(THIS ARTICLE IS ONLY MACHINE TRANSLATED by Google from Norwegian)
The collection of essays Capitalism and the Camera explores the relationship between photography and capitalist accumulation and exploitation. Editors Kevin Coleman and Daniel James place the emergence of photography between the publication of Adam Smiths The prosperity of nations (1776) and Karl Marx 'and Friedrich Engels The Communist Manifesto (1848) and claims that there is an "inherent link between camera one and capitalism". Cameraone can "enable a critical understanding of capitalist conditions of production" because of its ability to reveal the "constructed aspect" of our social world. GalleryGraphics can help us recognize "political and economic structures" in our own time and hopefully also give us the opportunity to imagine new structures.
The book consists of a number of essays with different approaches, positions and reflections on the relationship of photography to capitalismn, but I choose to highlight three of the most compelling for the purpose and length of this review:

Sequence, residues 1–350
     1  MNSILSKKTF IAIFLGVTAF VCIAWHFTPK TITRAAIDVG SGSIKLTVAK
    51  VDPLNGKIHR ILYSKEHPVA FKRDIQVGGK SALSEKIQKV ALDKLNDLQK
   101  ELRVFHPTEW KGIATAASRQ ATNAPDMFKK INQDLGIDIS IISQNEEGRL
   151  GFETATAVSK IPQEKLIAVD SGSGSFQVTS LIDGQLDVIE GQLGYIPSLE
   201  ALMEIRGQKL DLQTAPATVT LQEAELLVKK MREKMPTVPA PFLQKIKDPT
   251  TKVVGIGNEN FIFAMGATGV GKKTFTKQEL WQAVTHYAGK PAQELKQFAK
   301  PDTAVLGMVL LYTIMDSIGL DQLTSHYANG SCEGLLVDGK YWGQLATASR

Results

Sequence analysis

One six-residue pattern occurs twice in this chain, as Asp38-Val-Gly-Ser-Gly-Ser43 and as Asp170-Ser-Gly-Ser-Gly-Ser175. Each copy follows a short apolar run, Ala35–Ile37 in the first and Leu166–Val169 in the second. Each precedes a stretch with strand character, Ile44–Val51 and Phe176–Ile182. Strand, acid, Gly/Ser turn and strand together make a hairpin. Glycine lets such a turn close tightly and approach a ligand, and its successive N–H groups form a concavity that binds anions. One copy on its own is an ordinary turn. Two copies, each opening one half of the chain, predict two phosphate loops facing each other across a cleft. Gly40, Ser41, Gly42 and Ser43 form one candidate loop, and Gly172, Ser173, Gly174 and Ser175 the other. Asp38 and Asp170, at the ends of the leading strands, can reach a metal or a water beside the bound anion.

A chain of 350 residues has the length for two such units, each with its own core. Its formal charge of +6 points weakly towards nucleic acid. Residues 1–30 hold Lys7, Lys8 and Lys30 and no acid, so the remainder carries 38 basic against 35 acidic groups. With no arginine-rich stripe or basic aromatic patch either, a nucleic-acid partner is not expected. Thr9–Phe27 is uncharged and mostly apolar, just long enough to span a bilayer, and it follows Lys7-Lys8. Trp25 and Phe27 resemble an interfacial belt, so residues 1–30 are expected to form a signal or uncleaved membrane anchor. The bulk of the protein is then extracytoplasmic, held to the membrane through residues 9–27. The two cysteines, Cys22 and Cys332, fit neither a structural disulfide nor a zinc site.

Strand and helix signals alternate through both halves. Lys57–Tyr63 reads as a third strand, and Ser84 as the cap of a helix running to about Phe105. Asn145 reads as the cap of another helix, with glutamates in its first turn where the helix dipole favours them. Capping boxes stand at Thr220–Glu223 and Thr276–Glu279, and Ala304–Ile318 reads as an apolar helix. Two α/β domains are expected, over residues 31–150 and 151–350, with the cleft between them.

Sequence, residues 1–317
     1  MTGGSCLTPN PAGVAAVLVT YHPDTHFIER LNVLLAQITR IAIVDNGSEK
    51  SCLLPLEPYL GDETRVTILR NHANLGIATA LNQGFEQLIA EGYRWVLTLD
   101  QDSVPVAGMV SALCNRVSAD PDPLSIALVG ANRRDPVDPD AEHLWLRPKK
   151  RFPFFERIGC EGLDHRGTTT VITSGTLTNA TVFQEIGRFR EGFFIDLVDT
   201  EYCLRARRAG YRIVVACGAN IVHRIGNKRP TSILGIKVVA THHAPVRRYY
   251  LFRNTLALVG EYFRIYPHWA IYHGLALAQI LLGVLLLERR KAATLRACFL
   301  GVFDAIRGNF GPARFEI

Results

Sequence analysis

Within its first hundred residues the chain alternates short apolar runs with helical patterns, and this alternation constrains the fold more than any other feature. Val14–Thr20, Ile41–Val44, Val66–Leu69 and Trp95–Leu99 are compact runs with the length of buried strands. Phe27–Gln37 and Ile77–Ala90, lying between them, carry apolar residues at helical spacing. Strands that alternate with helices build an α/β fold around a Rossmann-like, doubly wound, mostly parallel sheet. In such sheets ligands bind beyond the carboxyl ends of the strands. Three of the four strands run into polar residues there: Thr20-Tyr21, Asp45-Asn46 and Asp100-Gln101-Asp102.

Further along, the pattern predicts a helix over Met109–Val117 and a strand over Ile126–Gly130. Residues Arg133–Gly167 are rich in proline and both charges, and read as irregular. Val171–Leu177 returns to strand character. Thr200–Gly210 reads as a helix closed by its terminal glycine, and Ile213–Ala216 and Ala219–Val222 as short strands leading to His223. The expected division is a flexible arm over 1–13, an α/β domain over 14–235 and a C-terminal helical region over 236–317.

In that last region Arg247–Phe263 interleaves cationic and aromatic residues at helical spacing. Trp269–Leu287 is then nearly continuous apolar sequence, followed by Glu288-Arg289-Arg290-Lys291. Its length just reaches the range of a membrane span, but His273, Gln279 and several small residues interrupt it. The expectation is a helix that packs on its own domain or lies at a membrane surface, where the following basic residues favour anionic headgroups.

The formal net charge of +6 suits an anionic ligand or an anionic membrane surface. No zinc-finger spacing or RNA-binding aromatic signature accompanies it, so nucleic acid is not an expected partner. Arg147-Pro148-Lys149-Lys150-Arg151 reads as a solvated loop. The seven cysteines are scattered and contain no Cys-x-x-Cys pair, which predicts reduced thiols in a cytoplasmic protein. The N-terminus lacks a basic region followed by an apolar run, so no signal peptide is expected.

The looting of the empire
In "Towards the Abolition of Photography's Imperial Rights", author Ariella Aïsha Azoulay claims that "photography was conceptually built up by the plunder of the empire", thus suggesting that the advent of photography is closely intertwined with colonialism.
According to Azoulay, photography was essential to "collect, archive and preserve" the empire's plunder of the colonies, and it joined the imperialist ideology of "documenting and registering from an external position." In this way, photography was not only a registration, it also reproduced the extraction of natural resources and human capital within the territories of the empire.
Before the invention of photography, it was sketches and drawings that covered the need to document and register what already existed "before the eyes of the empire". Photography. . .
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